Is there an answer to the question raised? I love the way your poem provides an answer: and actually your poem is itself that escape from the falling tree. Bravo you and wow!

    • You’re not wrong about the tavern, John. There are obviously different answers for each of us, but with all the publicatin’ goin’ on in these parts lately, the question of audience has been on my mind. What you say about the poem itself as escaping the falling tree….I love it! And thanks.

  5. Ah, that question – would we write or paint if there was no one to hear or see? We cry and even talk without an audience – the tree falling? In poetry or painting there is a construction, an intention, that demands an interaction. Lovely, complex thought-provoking words.

    • Yes, that interaction, that sense of an audience is probably impossible to do without. I’ve always held that the creative act is a circuit,, broken until it connects with a reeceiver and circles back. Therein lies the delight you expressed recently at actually meeting some of your readers. I found your book. BORDER LINE, by the way , highly enjoyable. I was attracted by the topic of suicide, but also became fascinated by Slovenia, which I’d like to know more about. Kudos to you! You deserve to attract many more readers.

      • Oh thanks so much for reading Border Line. Slovenia is a wonderful country. I had a brief visit many years ago and then, after I had drafted the book, I went with my husband on a research holiday, which we both enjoyed enormously.

  6. Last night I was waddling about in Milton and Donne for an assignment I’m working on. I dabbled a bit in Shakespeare, too, often feeling clumsy and wondering what I was reading. Your poem is clear and sharp but something about it reminds me of those old masters. Certainly the message is universal. Why bother if no one is going to read us? I don’t know about others, but it’s like a cough. There’s no choice. It has to come out.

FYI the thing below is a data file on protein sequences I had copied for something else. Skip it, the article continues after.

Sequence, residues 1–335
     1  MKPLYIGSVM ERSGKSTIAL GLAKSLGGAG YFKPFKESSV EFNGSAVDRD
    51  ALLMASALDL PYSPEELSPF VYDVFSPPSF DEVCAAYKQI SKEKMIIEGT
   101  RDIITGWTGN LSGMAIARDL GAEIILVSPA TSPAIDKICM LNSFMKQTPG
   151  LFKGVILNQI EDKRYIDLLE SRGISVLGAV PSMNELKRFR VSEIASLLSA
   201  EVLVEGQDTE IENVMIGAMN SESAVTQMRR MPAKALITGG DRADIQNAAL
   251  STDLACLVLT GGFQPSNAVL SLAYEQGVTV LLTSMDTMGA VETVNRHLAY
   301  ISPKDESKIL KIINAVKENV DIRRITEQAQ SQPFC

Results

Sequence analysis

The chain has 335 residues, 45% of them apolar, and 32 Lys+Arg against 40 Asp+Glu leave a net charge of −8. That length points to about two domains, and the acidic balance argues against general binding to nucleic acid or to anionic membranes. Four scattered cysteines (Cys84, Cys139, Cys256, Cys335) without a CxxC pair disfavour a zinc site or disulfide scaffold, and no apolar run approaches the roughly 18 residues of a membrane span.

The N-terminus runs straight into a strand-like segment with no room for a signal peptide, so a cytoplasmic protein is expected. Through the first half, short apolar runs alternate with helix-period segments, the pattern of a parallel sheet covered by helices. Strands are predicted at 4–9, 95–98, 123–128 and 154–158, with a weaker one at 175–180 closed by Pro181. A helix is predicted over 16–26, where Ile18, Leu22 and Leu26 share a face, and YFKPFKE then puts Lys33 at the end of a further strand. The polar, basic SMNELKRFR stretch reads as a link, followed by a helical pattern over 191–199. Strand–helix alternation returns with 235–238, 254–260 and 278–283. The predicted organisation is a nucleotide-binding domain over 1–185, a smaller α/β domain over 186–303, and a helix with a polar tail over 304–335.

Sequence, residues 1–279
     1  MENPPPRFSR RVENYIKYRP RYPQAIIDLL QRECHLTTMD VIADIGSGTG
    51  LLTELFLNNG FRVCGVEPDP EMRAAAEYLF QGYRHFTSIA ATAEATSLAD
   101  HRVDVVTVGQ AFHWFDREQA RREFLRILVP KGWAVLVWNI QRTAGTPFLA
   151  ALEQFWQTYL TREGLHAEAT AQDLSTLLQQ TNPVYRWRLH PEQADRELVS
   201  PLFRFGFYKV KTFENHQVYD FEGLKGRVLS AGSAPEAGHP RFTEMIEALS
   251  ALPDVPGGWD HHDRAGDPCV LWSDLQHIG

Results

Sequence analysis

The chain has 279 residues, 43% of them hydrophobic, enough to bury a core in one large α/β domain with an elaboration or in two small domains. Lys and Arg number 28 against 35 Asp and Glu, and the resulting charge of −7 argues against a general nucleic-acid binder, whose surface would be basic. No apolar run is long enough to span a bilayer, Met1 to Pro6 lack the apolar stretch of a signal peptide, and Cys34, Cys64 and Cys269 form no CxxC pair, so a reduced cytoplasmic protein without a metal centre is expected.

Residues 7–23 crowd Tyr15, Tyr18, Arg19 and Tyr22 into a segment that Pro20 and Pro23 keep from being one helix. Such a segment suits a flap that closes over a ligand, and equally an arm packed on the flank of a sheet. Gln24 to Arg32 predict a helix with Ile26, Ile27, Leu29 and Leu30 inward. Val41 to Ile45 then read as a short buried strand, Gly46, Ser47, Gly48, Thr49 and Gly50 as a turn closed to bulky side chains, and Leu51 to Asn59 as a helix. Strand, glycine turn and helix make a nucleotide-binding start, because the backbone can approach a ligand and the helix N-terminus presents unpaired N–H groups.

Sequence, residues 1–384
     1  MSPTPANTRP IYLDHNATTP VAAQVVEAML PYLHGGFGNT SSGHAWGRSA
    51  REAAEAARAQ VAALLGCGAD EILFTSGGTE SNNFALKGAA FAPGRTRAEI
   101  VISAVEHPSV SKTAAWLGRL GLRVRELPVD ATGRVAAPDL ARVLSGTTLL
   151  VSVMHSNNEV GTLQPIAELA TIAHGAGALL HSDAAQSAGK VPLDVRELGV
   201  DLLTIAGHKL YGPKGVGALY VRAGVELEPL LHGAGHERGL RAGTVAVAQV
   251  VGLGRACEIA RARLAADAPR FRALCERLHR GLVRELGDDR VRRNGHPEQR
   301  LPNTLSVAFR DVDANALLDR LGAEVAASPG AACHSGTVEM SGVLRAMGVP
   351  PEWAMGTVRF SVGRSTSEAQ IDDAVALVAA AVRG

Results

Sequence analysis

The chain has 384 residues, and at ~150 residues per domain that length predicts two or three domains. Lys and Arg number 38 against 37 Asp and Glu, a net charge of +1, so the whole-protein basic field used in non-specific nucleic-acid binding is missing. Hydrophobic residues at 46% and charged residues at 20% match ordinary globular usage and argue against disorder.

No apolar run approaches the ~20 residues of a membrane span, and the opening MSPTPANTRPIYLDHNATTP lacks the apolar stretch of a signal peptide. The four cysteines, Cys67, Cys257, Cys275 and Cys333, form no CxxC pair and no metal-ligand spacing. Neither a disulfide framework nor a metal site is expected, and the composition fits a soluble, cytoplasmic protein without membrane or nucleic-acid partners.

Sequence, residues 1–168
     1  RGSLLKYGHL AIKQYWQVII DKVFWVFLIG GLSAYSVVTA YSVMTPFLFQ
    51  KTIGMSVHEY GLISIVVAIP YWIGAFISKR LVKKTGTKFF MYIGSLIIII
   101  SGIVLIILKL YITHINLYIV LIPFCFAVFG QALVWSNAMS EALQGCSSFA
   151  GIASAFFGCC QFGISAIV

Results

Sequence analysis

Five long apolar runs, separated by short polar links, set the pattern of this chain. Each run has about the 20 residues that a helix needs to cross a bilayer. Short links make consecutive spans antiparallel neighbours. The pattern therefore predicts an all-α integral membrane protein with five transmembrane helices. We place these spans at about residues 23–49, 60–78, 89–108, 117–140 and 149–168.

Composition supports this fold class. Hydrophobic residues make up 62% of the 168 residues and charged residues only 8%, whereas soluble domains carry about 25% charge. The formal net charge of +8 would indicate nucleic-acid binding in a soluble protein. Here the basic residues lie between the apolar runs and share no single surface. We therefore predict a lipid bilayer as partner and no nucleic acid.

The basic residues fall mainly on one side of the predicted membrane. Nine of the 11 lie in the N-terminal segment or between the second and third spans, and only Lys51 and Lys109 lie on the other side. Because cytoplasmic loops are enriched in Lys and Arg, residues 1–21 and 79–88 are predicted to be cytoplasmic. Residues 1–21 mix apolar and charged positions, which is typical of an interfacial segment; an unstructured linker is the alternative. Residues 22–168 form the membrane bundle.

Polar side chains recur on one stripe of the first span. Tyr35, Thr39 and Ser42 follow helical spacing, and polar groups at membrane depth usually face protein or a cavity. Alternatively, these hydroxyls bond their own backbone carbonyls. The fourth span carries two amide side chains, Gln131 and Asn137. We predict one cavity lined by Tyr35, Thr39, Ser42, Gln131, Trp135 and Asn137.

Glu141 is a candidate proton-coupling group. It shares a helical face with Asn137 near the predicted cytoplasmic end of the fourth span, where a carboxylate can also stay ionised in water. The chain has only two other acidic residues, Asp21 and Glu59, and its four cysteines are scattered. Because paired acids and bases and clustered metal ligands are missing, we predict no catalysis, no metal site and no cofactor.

• Hello Susanne…Waddling about in Milton and Donne and dabbling in Shakespeare are among my favorite activities; maybe some of it clings about me, or maybe I’m just very old fashioned in spirit! I’ve been to visit your site today and thoroughly enjoyed it; it’s such a treat to discover really good writing. At the risk of sounding mean, I’ll say keep coughing!

  7. Beautiful and engaging Cynthia – once again you have me reading, absorbing and thinking. The suggestive power of self-motivation comes to mind – creating is it for self or others, or both? Is there someone or an interaction at the end that becomes a reward of sorts? My satisfaction and fulfillment comes from 1) the act of creating where I can become so totally absorbed in what I’m doing that the sense of someone seeing my work never enters my mind, rather I let the piece talk to me – that’s my device for listening, and 2) from the response of knowing that someone out there in the blogging world has enjoyed what I created in my little room that’s called, my studio. Great writing on this one ~